What does it mean when British & French govts work harder than America’s?
August 11th, 2011
04:12 PM ET

What does it mean when British & French govts work harder than America’s?

Cabinet members leave 10 Downing Street this morning following British PM David Cameron's meeting to discuss the unrest that has spread across the UK. Parliament was recalled following four days of rioting. (PHOTO CREDIT: GETTY IMAGES)

FROM CNN's Jack Cafferty:

As the global economy hangs on by a thread, maybe our leaders should take some notes from the British and the French.

In England - Prime Minister David Cameron cut his vacation short and called Parliament back from theirs to hold a special session today. They're dealing with the worst rioting and violence that country has seen in decades; and there's no doubt economic instability and high unemployment are partly to blame.

Meanwhile French President Nicolas Sarkozy returned to Paris from the Riviera to deal with France's own financial crisis. Bank shares are plunging there; and he's pledged drastic austerity measures. He's even recalled the French parliament from their vacation to vote on a balanced budget amendment to their constitution.

Hop over the pond here to the U.S. ... where our Congress is on vacation for five weeks; and President Obama is headed off on his own vacation to Martha's Vineyard.

The only thing of any consequence that Congress has done in the last month or so was to fail to stave off the first credit downgrade in our history. And once they finished that - they couldn't get out of town fast enough. No wonder they have a measly approval rating of 14%.

Meanwhile President Obama's own approval ratings are at or very near all-time lows as he gets ready to try to convince the country he deserves a second term. The White House was out defending Mr. Obama of course, saying presidents are never really on vacation and that they take their work with them.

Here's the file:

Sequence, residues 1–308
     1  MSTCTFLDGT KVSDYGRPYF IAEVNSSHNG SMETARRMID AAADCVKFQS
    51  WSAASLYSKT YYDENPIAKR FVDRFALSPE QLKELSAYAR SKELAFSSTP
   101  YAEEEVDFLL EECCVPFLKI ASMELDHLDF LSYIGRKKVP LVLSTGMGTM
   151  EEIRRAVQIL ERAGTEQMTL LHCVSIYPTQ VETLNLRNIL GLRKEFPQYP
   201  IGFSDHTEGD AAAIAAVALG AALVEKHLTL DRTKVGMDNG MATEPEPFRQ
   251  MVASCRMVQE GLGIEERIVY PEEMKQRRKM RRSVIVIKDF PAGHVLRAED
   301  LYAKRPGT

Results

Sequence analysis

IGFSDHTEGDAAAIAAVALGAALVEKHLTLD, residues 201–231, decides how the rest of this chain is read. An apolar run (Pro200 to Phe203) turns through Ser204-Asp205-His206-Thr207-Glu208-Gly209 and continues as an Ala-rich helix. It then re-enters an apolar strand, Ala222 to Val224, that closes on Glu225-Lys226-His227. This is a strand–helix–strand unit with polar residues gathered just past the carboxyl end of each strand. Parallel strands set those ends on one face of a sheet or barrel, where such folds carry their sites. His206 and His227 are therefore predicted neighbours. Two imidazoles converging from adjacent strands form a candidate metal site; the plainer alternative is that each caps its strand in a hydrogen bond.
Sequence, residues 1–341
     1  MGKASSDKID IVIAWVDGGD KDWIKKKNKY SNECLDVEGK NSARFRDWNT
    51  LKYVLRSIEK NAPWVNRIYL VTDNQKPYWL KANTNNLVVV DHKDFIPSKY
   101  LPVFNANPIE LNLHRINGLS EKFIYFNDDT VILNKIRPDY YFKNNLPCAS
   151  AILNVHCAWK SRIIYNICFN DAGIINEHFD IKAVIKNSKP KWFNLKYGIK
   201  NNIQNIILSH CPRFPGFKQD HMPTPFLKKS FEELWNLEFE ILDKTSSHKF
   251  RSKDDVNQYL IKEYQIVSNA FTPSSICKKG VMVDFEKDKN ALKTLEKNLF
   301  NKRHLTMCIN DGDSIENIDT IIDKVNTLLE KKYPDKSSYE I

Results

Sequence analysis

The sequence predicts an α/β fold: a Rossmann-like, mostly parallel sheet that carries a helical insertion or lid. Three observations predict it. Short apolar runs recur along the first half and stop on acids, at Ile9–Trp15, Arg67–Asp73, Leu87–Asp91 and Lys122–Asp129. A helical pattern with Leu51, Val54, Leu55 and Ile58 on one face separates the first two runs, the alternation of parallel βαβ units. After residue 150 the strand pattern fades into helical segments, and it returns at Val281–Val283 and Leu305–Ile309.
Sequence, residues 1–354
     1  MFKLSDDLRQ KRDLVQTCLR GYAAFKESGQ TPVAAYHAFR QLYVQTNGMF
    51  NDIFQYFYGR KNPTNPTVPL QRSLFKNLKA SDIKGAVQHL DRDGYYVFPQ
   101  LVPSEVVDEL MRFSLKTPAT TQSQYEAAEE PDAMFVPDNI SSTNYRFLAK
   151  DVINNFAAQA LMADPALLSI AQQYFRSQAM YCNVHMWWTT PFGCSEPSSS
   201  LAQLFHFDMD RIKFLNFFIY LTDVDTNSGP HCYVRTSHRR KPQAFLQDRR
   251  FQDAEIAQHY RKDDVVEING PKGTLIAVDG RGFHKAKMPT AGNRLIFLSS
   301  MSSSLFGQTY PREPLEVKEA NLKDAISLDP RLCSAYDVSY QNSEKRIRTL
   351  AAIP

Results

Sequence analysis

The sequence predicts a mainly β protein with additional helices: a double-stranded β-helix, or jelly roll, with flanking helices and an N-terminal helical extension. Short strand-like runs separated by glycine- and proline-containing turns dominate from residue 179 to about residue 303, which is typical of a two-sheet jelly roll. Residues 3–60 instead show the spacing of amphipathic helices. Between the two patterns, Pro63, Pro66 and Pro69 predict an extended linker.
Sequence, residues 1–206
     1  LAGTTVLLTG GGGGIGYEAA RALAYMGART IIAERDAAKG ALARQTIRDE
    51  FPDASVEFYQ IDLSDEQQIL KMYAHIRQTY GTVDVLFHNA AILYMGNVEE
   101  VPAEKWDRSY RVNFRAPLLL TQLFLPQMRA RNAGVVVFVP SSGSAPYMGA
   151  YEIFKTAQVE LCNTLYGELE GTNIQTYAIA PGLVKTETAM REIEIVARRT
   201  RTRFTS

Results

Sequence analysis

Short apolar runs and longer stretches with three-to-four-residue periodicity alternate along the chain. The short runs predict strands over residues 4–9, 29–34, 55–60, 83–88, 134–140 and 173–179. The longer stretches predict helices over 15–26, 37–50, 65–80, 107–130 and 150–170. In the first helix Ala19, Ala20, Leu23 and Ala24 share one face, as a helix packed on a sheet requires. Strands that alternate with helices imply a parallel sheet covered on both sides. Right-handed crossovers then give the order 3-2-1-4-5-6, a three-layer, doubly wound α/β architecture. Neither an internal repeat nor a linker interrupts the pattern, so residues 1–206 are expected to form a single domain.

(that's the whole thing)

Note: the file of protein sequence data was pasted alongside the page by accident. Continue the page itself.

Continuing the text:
Nonetheless it's all about appearances. Our president and Congress choose to go on vacation while our country struggles under an economy perhaps lurching toward another recession and a debt crisis no one has been very serious about solving.

How dare the people think the government is disconnected from reality.

Here’s my question to you: What does it mean when the British and especially the French governments work harder than America's?

Tune in to the Situation Room at 5pm to see if Jack reads your answer on air.

And, we love to know where you’re writing from, so please include your city and state with your comment.

Filed under: France • Government • United Kingdom • United States
March 23rd, 2011
05:00 PM ET

France wants committee to run war in Libya. Good idea?

FROM CNN's Jack Cafferty:

Defense Secretary Robert Gates - who is refreshingly open and honest - said: "We haven't done something like this, kind of on the fly before."
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He was talking about the coalition attacks on Moammar Gadhafi's forces in Libya, why the United States was still in control, why tensions are rising among members of the coalition, why there's no plan for any group or nation to take the lead. The allies, you see, aren't getting along so well. In fact, there are reports today that the coalition is falling apart.

France yesterday suggested a committee be formed - outside of NATO - to oversee the military operations. It would be a political steering committee and would include members of the Arab League. See if a committee is running the war, no one has to take responsibility if things go to hell and everyone can take credit if they go well.

The French were early backers of the no-fly zone and were the first nation to launch airstrikes against Libya on Saturday.

The Italians have accused the French of not originally backing a NATO-run operation to be in a better position for oil contracts when a new government is established in Libya.

It's not just the French causing problems…

Russia's defense minister yesterday called for a cease-fire in Libya.

Germany today pulled its naval ships out of NATO operations in the Mediterranean over a disagreement over the Libyan campaign's direction. It's not pretty.

Foreign ministers from Western coalition partners will meet in London Tuesday along with members of the Arab League and the African Union to see what can be done.

Here’s my question to you: France wants a committee to run the war in Libya. Is that a good idea?

Interested to know which ones made it on air?


Filed under: France • Libya